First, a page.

Essentially, there’s no way for certain “bad apple” parties to act under the radar and hide issues, mistakes, or fraud in the food distribution supply chain.

Since it’s decentralized, blockchain offers a higher degree of security

Let’s unpack that point in more detail as it’s an important one to acknowledge.

Because blockchain is decentralized, no one party can control the information in the ledger. This means that once data is recorded and confirmed by multiple nodes, there is no way to change it without everyone noticing. 

Since this type of ledger is public and distributed, anyone can view it at any time. The information contained within it cannot be altered without being detected by other users in the network, so the process of recording entries into the ledger cannot be corrupted by those seeking to manipulate data for their gain or personal gain.

Given the fact that food fraud is apparently getting worse, this can be a game-changing benefit for CPGs and their food distribution partners — especially for brands catering to premium buyers or in organic, ‘good for you’, and grass-fed categories.

A vista of rolling farmland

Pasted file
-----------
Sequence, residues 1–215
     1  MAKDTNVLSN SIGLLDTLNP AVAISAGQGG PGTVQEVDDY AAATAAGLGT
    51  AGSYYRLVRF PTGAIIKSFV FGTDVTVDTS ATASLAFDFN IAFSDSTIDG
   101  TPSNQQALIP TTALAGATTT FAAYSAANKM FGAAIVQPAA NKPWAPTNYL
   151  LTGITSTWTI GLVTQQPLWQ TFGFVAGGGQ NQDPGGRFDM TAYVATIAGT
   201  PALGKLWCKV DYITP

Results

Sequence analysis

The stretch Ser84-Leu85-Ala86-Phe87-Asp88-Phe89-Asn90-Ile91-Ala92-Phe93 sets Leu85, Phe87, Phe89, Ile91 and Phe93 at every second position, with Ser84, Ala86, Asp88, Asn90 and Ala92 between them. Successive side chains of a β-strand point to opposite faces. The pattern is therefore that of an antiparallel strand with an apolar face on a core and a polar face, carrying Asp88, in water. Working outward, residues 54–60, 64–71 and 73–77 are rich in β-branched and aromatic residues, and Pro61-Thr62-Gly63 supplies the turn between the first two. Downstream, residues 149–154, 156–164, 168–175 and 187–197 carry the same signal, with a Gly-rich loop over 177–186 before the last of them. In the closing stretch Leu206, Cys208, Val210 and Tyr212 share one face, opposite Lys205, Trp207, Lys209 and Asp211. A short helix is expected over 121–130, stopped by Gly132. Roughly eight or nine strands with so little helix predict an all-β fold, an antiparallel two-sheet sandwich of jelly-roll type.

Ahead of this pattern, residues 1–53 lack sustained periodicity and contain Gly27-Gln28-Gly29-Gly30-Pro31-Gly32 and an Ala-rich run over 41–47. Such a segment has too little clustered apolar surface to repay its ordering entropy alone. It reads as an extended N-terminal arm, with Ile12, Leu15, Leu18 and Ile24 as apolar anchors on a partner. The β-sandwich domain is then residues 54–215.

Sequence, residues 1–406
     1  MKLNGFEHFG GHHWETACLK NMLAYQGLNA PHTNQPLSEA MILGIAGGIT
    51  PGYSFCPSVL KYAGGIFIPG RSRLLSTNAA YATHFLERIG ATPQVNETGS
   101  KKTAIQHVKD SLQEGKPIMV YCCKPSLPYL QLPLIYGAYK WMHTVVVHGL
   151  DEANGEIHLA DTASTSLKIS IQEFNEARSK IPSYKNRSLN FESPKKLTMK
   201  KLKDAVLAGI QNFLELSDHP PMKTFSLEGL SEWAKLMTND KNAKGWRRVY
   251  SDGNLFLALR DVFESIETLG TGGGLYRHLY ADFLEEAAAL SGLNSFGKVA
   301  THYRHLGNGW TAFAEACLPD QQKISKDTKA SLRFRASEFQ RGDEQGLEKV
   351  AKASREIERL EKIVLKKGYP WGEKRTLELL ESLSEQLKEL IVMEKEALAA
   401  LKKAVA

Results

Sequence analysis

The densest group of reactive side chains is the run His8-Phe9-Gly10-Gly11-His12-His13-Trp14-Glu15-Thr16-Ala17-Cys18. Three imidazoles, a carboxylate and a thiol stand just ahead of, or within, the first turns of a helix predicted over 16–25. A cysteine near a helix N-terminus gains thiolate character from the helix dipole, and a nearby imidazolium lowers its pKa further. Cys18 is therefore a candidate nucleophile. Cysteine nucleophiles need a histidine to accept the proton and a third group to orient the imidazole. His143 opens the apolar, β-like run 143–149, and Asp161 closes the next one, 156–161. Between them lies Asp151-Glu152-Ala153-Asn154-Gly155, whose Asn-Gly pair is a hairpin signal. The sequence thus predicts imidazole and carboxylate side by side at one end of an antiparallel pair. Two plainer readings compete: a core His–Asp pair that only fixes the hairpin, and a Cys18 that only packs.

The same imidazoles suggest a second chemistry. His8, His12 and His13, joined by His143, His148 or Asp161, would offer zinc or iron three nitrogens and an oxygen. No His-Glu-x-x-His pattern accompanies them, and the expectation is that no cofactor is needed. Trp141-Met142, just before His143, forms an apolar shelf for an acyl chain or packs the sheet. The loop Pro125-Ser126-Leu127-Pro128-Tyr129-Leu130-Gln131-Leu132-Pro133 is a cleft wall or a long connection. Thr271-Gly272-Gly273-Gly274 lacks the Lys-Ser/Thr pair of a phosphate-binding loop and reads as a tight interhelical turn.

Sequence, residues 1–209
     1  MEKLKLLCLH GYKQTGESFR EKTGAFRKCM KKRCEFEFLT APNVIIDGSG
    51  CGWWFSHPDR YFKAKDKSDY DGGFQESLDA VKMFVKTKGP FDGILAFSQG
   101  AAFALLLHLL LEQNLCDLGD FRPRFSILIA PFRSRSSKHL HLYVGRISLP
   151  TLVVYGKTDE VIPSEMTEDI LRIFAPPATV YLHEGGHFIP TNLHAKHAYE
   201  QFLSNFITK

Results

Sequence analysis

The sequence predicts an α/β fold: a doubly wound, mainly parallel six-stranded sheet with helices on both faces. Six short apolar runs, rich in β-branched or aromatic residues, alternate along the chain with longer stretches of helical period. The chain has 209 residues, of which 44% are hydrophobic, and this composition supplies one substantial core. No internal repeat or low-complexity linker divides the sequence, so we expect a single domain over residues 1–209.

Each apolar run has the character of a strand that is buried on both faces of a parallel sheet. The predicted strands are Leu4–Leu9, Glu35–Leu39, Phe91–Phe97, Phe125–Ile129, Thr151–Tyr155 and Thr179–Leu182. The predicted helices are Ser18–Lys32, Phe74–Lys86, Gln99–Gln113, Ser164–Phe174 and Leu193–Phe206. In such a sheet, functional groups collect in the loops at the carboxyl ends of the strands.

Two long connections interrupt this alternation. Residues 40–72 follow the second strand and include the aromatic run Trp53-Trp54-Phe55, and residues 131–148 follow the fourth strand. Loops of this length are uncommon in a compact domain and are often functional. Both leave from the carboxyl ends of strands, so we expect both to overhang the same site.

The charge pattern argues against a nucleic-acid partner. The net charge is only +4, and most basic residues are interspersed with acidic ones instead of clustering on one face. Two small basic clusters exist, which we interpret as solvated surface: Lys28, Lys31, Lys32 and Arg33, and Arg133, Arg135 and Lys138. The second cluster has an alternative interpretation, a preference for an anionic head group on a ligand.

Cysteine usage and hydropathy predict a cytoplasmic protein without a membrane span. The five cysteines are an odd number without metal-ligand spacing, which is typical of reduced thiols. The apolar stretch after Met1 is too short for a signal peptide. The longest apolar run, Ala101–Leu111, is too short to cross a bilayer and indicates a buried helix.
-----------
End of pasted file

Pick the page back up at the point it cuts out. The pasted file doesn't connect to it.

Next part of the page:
Blockchain can bring added sustainability — and build consumer trust

Following on from the previous point, IBM is using blockchain to help companies reduce their environmental impacts, like minimizing food wastage and using minimal or no agrochemicals in the food production process. The company recently launched a new product dubbed IBM Blockchain for Sustainability that will enable companies to track their supply chains and identify any potential issues with sustainability.

The concept is that by tracking products on a blockchain ledger, companies will be able to monitor their supply chains better and ensure that they are sourcing materials ethically. This is particularly important in the food and beverage industry, where there have been numerous incidents of food contamination or fraud in recent years. 

IBM's platform uses Hyperledger Fabric technology and the company's cloud services to store data off-chain while keeping it secure and tamper-proof on the blockchain.